Ludovic de Saint Sernin’s work is about intimacy, gender -and above all skin- a dismantling of our society’s archetypes to propose a new and sensitive approach towards men and women alike. If the French designer sees beauty in fragility, he’s also challenging the social norms of conformity and suffocating standardization. His incredibly sensual show underlined a Kunderian lightness of being, which was evidenced by his choice of tactile materials, such as breezy taffeta, silk satin or sheer organza.

De Sernin took on certain codes to reformulate them his way, such as military-inspired styles for instance. A belted nude colored trench was worn as an outfit against bare skin, with a pair of matching leather sandals and nothing else. Reworked cargo pants were tight on the hips and flared at the bottom, hugging every possible curve. He even paired one of those with a nude, asymmetrical bandage top, a nod to the early 1990s. Other references to that era were also clear, from Alexander McQueen’s infamous ‘bumsters’ to Helmut Lang’s exposed nipple tops, but de Saint Sernin offered the ultra low waist pants covered with Swarovski crystals and reworked the classic polo shirt with an erotic cutout.

He also presented his own version of sleek tailoring, focusing on body-conscious suits, which featured no pockets and concealed buttons. Avoiding unnecessary details to underline sharply cut lines is one of the designer’s signatures, borrowing from the sexiness of womenswear to avoid traditional men’s finishes. When a model came out wearing a simple towel wrapped around his waist, it offered an instant breather to a delighted audience. In a fashion landscape filled with logos, celebrity lines and trying way too hard clothes, de Saint Sernin’s reductionist and intelligent approach could be the way forward.

/ Words by Philippe Pourhashemi /

/ Runway pictures by Luca Tombolini /



One of Hedi Slimane’s many talents is to play against expectations while sticking to his guns and that’s precisely what he did with his last Celine show. If David Kramer’s artworks for the brand -featured online and within the invitation book- made you think of sunny LA afternoons and psychedelic pursuits, you were in for a surprise when the show started.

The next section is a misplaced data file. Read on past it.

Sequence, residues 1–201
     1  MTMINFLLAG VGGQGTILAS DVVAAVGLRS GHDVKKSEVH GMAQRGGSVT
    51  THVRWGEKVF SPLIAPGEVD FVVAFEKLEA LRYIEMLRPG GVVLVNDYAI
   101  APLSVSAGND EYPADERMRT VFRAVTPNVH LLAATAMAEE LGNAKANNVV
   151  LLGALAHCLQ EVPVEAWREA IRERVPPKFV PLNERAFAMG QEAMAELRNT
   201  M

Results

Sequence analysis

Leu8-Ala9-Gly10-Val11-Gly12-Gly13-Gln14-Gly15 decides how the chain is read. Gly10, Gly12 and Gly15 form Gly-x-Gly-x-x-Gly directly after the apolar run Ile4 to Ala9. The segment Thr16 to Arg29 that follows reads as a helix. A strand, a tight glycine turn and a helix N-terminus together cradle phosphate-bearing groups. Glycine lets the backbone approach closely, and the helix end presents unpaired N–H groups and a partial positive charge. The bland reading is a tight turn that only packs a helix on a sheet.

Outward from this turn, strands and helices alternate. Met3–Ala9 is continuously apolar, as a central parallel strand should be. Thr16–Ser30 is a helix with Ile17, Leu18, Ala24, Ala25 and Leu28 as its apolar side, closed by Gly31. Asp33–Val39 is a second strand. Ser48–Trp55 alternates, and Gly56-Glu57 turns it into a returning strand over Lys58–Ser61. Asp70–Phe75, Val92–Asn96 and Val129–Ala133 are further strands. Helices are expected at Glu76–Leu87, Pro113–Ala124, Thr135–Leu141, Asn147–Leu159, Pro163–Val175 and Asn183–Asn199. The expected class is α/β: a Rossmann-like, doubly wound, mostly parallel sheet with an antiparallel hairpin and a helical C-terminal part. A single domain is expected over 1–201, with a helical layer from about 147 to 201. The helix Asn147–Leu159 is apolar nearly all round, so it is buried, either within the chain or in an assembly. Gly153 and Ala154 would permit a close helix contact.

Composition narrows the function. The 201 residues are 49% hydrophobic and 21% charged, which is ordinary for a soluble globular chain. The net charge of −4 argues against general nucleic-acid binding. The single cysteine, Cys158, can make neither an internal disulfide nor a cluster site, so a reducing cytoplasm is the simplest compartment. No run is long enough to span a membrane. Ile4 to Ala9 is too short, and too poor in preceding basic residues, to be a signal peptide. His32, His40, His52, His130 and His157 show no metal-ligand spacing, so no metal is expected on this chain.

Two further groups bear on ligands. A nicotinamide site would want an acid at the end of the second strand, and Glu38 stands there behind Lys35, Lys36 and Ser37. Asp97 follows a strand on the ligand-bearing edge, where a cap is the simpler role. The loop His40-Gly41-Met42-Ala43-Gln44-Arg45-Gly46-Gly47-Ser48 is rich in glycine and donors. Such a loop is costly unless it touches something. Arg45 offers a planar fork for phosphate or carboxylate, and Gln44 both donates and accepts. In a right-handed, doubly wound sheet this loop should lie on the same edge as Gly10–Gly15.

Tapping into the 1970s and some of his beloved icons and musical references, the French designer elongated the silhouette to new extremes. His jeans were rather slim, slightly flared and sat at the waist, which made his models’ legs look even longer. Slimane also used abbreviated blouson jackets that minimized the torso area and shoulder line. A formal, double-breasted pinstripe jacket -trimmed with a red carnation- was casually worn open over a denim shirt, which instantly brought French singer and composer Serge Gainsbourg to mind. If Gainsbourg’s style was négligé and looked accidental, it was in fact the complete opposite as every element of his persona and attitude were carefully chosen and mixed together.

That sense of studied nonchalance was also evidenced in Slimane’s choice of accessories, such as an unpretentious but surprising straw tote worn over the shoulder or straightforward white sneakers, which went against the current trend of gigantic and over-embellished numbers. Such longing to reconnect with authentic clothes is without a doubt one of Slimane’s driving forces and there several garments to covet in his show, from sleek black leather pants and stripy overalls to a military print trench or a slim black suit. The pointy white boots were a nod to 1970s kitsch, and they added a playful touch to the overall silhouette. Think disco pimp dancing to CHIC.

/ Words by Philippe Pourhashemi /


Véronique Nichanian celebrated her first three decades as Hermès' menswear artistic director last year, and she managed to keep her finger on the pulse with this last collection.

Sensing the modern man's current need for ease, relaxed shapes and simplicity, she loosened the silhouette this time and reduced her color palette, too, sticking to neutral tones with occasional dashes of color. The key item within the collection was the pant, and the French designer paid particular attention to volume and proportion. Most styles were long and baggy, with the exception of a few cropped numbers that looked perfectly appropriate with the brand's new leather sandals.